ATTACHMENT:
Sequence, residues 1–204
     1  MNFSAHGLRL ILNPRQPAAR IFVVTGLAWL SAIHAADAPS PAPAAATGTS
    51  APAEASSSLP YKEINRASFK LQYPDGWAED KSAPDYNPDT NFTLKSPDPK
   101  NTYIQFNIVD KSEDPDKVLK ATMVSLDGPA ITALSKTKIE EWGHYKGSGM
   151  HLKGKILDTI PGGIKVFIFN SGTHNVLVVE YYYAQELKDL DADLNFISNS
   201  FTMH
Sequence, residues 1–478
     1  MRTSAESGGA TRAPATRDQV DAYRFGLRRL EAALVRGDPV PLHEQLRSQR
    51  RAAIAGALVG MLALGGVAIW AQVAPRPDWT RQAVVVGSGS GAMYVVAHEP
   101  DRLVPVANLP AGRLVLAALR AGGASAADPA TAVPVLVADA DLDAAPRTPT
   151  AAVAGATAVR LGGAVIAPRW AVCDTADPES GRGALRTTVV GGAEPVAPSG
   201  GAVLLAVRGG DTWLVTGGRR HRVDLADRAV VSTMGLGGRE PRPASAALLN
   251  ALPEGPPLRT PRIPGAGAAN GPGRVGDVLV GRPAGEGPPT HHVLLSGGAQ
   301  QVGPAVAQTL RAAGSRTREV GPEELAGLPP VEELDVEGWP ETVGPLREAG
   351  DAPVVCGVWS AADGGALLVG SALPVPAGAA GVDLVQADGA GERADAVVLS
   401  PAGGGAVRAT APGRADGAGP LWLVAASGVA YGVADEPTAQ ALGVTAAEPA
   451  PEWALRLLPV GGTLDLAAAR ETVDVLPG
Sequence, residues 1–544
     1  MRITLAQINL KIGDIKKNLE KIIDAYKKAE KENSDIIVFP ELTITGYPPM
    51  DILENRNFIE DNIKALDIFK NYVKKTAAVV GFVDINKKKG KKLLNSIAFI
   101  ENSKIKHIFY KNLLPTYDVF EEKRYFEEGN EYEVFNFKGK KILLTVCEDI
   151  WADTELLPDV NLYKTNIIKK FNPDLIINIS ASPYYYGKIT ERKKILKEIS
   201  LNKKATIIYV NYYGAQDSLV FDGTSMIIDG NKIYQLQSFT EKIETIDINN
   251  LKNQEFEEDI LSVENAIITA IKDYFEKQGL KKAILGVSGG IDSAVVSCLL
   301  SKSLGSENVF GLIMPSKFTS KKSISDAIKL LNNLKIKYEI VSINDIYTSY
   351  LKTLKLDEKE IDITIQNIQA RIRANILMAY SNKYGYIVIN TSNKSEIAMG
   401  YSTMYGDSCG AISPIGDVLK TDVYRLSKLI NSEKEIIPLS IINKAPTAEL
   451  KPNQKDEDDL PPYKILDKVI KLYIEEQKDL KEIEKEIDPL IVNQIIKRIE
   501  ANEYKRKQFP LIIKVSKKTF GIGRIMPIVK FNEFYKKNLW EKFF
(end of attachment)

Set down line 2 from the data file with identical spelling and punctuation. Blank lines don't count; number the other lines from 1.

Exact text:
     1  MNFSAHGLRL ILNPRQPAAR IFVVTGLAWL SAIHAADAPS PAPAAATGTS